Los Altos resident Kathy Wang’s new book, “Family Trust,” is a Silicon Valley story of how wealth can complicate family values in the time of death. The dramatic novel uses humor to tackle the subjects of gender, race, family and wealth relations.
Released Oct. 30 by HarperCollins Publishers, the book isn’t based on true events, but it’s influenced by the world Wang has lived in.
“I had a general obsession over a few concepts – career, the Asian-American experience, how your expectations change as you grow older,” she said. “They rattled around in my head for some time. When I began writing, they all came out in some form or another.”
Wang described “Family Trust” as a fictional experience in a world that’s real, and one she knows well. The mother of two has worked at tech companies that include Seagate Technology and Intel.
The author said one of her mental mantras while writing was luck. She explained this through the tale that many are told in their youth: Work hard in high school, get accepted into a college and enter the work world.
“But life is divergent for reasons that are not under your control,” she said. “Maybe you’ve done everything you’re supposed to do and it’s just not working out for you.”
That’s where luck comes in. Wang, whose background is in product management, is now managing her own product – a novel – after signing a book deal in July. Wang had never written a book before, but she was able to get her work to the right agent, who found her a publisher.
Wang described her process as a series of tedious rewrites of the same paragraphs and sentences, all to get a reaction from readers.
“It’s so funny, because in the corporate world you can perfect a PowerPoint, but no one’s going to see it but your boss,” she said. “Writing is such a solitary activity – it’s a lot of work without validation. ... There were so many times when I thought I could just stop this and have so much (time) left in my life to do other things. You have to force yourself to keep going and keep yourself motivated.”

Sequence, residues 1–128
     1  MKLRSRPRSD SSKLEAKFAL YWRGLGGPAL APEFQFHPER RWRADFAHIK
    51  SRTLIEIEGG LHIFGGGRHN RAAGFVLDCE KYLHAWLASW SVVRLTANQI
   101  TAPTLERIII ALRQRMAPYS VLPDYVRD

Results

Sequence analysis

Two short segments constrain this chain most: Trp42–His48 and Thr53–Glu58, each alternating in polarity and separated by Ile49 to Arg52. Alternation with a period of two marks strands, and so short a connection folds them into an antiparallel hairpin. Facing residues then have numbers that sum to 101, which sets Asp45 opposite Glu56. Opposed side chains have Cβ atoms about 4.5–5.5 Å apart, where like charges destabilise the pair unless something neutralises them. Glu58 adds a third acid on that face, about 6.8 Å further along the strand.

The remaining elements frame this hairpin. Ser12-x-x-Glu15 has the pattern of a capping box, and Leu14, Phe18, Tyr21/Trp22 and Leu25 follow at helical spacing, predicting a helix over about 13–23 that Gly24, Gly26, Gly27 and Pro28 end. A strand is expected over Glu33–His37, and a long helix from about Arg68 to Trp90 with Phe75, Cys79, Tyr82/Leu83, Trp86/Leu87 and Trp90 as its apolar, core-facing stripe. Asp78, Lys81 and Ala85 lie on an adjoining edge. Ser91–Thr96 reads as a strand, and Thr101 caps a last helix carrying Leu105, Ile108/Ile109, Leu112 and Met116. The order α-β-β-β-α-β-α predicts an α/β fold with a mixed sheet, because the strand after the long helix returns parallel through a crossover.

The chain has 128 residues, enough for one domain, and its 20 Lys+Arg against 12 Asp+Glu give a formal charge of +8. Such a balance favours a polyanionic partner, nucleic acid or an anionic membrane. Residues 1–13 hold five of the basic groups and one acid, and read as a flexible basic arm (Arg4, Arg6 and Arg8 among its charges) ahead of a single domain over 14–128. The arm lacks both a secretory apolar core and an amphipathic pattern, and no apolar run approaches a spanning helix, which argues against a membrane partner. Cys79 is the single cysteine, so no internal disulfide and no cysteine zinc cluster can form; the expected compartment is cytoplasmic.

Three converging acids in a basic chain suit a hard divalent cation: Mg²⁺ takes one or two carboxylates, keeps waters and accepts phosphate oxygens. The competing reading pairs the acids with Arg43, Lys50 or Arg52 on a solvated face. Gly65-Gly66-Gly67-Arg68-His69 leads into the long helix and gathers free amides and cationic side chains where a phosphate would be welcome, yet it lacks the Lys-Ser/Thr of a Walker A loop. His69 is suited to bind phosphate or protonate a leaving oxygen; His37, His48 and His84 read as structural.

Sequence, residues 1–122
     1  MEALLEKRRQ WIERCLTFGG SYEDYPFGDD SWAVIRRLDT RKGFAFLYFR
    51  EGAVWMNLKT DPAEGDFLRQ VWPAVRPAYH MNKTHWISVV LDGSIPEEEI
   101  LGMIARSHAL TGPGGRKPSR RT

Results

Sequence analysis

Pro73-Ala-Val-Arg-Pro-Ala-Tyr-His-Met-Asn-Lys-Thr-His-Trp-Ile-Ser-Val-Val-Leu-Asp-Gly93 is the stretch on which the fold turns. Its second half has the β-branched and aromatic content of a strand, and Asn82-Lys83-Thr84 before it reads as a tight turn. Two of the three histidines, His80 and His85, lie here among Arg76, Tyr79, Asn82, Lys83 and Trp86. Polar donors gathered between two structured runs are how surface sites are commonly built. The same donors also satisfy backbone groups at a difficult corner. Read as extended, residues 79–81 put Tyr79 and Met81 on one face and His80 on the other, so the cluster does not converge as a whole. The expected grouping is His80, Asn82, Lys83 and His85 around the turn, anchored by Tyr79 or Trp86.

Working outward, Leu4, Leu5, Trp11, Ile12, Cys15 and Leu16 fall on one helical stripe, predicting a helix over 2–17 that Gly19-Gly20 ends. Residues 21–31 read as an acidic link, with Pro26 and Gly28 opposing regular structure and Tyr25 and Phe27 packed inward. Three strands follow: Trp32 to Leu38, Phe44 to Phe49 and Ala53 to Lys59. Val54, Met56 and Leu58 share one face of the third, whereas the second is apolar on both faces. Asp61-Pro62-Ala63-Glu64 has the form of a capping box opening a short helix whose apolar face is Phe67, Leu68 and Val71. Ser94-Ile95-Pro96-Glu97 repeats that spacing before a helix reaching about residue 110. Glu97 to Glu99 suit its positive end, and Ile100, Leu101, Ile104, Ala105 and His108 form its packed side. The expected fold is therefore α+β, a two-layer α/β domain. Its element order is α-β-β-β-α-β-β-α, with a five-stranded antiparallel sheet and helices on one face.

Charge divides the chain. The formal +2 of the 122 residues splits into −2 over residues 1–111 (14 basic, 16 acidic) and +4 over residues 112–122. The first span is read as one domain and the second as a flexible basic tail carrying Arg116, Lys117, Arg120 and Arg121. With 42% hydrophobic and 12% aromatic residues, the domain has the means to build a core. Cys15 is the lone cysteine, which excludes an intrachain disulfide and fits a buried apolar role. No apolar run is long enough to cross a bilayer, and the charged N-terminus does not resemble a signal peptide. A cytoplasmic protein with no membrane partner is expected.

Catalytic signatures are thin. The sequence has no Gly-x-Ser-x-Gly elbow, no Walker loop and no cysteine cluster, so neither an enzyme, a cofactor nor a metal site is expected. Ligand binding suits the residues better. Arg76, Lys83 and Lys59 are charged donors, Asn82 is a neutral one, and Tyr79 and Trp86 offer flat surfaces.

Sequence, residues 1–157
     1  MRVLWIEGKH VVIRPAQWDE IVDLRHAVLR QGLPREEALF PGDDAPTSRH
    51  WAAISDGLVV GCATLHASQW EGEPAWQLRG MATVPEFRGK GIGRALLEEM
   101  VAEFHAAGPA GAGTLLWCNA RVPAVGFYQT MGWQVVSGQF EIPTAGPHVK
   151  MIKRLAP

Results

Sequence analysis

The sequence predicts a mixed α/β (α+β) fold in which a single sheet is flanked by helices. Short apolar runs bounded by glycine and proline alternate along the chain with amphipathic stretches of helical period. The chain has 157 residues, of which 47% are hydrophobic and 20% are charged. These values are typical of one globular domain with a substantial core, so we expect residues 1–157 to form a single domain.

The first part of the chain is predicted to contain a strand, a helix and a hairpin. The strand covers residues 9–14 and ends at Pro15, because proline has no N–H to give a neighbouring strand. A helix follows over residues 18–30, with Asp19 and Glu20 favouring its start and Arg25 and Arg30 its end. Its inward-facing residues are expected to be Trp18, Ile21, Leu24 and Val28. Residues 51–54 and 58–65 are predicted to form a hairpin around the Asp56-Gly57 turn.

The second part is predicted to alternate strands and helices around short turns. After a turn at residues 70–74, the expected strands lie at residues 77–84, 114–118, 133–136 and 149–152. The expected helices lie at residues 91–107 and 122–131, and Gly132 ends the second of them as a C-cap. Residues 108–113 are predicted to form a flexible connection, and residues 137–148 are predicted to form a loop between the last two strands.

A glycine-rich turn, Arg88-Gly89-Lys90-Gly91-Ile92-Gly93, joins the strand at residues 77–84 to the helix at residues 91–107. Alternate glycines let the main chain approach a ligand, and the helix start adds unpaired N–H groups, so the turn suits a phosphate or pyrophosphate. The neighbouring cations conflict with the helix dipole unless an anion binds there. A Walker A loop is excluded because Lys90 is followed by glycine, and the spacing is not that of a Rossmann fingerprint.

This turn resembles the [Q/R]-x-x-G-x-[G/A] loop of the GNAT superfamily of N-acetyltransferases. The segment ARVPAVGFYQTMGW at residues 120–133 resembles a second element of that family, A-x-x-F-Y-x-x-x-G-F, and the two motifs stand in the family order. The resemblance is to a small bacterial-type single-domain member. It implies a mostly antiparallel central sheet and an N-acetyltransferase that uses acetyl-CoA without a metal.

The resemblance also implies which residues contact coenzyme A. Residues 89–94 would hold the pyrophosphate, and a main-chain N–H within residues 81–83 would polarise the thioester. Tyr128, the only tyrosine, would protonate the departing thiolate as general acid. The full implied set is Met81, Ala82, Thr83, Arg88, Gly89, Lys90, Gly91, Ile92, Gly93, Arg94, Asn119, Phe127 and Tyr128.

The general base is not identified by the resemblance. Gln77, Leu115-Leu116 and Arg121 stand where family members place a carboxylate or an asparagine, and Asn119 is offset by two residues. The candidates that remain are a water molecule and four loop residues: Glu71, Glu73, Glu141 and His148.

Wang added that she didn’t show her work to anyone until the book was complete.
Steps to publication
She finished her manuscript in July while another delivery was on its way – her daughter. She described her manuscript as her baby as well.
The next step was delivering the book to a publisher. It began with a hunt for an agent, which required sending out several book proposals.
She signed with Michelle Brower, who landed Wang a two-book deal with HarperCollins, which helps cover production, distribution and marketing costs.
After the book was released, Wang braced for the criticism that often comes in the form of reviews. Writing about a wealthy Asian-American family has garnered an array of reaction on the subject. When Wang handed in her manuscript for its first read, she recalled receiving a comment that no one would buy the book because Asians are money obsessed.
“For me, it was a very surprising feedback to get,” she said. “As an Asian-American, you’re taught that having money and being successful is the only way to equalize the playing field. When people are racist, you’re not supposed to fight back, you’re just supposed to try to be successful and get enough money so that no one can ever really hurt you or harm you.”
As for her next book, Wang hasn’t started on that yet. She is busy juggling her high-tech career (she recently returned to work part time) with caring for her two children.
“Family Trust” is available online at amazon.com and locally at Linden Tree Books in Los Altos and Books Inc. in Mountain View. Both stores have signed copies.